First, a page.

Digital records are difficult to work with during a code, and a dedicated function should exist that prints a package from the EPR for codes.
Electronic medical records make it difficult for the Code Blue team to do their job.
The Code Blue team is called to resuscitate critically ill patients. Sometimes their task follows a standard resuscitation algorithm, such as resuscitating a pulseless patient, and requires little external information. Often however the patient has developed a new acute problem, such as hypoxia or hypotension, and requires urgent management. In order to troubleshoot and treat the code team needs to know the patient’s medical history and course in hospital.
Electronic medical records have made it quite difficult to quickly learn about a patient during a code; especially, when compared to the prior standard of the paper chart.
First, a computer usually is not inside the patient’s room during a code, which makes accessing the record difficult. Someone from the team has to leave the code to read about the patient from another room. They are unable to quickly relay the information or answer any questions that arise. Sometimes a portable computer on wheels is brought into the room, where it gets in the way and takes up space.
Second, if there is a computer already in the room, it is often turned off, located in an awkward location given the surrounding chaos, and impossibly slow to log into. This all creates unnecessary delays.
Third, during a code a paper chart can be quickly flipped through. Its individual components (medications, progress notes, labs, EKGs, etc) can be separated, passed around, and viewed in parallel by multiple team members. A paper chart is the “gold standard” for quickly reviewing a patient’s history.
The electronic medical record is slow to navigate. Information is stored in discrete tabs and different windows. It is difficult to view multiple sources in parallel. Electronic notes take longer to skim through because of the length of the notes. Key information is lost among the clutter created by ‘copy-paste’. These problems are only amplified when viewing electronic records via a tablet or smart device.
One way around this is to print records from electronic chart. However, using the standard built in print function in the electronic record it is a time consuming process, and produces a very large stack of paper that is difficult to navigate efficiently.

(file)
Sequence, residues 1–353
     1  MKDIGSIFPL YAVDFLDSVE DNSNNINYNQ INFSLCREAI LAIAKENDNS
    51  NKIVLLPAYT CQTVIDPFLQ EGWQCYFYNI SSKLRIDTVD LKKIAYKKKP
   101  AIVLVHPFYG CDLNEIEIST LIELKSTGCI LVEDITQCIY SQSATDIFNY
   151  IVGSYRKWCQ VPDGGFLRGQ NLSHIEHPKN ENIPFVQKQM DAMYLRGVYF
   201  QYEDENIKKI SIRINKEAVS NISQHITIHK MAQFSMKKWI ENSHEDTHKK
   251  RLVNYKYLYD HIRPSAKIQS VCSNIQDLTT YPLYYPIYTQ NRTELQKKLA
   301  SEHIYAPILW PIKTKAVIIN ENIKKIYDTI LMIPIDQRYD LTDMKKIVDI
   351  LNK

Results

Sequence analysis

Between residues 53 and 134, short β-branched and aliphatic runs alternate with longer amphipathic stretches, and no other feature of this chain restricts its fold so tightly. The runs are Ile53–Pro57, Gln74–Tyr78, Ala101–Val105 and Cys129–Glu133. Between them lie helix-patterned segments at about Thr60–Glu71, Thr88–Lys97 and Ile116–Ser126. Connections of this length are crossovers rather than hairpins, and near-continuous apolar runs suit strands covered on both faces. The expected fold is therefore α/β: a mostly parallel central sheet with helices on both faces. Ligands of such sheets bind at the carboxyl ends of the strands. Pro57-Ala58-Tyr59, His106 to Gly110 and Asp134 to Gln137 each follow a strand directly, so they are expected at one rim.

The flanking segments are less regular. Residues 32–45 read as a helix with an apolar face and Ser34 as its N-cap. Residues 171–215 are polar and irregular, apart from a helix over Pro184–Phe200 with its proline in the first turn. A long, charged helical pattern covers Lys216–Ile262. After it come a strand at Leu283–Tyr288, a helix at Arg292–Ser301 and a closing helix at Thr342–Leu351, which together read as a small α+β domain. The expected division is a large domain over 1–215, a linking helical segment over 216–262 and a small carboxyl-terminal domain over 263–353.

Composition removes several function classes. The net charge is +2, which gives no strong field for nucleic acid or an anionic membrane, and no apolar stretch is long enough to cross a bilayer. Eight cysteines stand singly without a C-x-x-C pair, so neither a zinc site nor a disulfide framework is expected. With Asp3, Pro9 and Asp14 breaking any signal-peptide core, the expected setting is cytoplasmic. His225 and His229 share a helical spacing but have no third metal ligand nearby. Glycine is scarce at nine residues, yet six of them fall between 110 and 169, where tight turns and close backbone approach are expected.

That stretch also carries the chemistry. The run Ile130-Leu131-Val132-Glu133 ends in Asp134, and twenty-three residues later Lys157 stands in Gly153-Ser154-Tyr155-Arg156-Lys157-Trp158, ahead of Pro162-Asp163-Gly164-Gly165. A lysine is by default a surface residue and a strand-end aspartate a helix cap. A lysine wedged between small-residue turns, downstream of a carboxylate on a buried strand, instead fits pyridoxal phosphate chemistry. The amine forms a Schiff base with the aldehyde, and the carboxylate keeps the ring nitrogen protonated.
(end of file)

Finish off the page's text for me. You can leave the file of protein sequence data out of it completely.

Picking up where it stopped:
All electronic health records should be built with a “Code Blue: Print Button”.
When a code is called, the unit clerk opens the patient’s record and presses the “Code Blue: Print Button”. It does several things.
1. All items in the print cue are placed on hold. The Code Blue document is spooled to top print priority.
2. A cohesive package with a table of contents, pagination, and headings is printed . This is important to make the document easy to sort through.
3. The order of the documents is the same at every code.
4. The document is printed in two sections. Therefore Part 1 will be finished printing prior to the Code Team’s arrival. Part 2 soon after. The document is prioritized from most important to least.
5. The specific contents of the package can be curated by each hospital. The system should include a variable algorithm to calculate how far back to pull information from based on the quantity of information obtained.
An example of a Code Blue Package may include:
Single Cover Page Demographic Summary:
– Resuscitation status & living will details
– Language spoken
– Close relatives & their contact information
– Religious affiliation & end of life wishes
– Contact information of the attending physician
– Isolation status. Transmissible infections.
– Vital trend
– Medications administration list (in table form). Allergies.
– Recent labs (displayed in table form)
– Patient Problem List
– Entrance History and Physical.
– Recent progress notes
– Prior EKGs (report and original)
– Current vascular access on the patient. Prior failed access sites.
– Prior anesthesia assessments and notes detailing intubation attempts.
– All notes from prior codes
– All consultant letters
– All procedure and operative notes
– Implanted hardware details
– Home medication list
– CXRs (report and image)
– Summary of prior reports such as: CT/MRI/nuclear imaging, Pulmonary Function Test, EEGs
A Code Blue Button integrated into the EPR has benefits other than acting as a fancy print function. It can be used to automatically notify personal, order test, and re-allocate hospital resources.
Thanks to Robert Schmidt, and Liam Black for reading drafts.
 Some may argue that the ward staff can provide information to the code team. This is more optimistic than the standard. When responding to codes on the surgical ward, often the surgical team is in the OR. After hours there is not ward staff around. More frequent resident signs overs means staff are less likely to have the patient’s history memorized. Furthermore, relying on memory only increases the chance of recall errors in high stress situations.
 Ideally there should also be along the right edge margins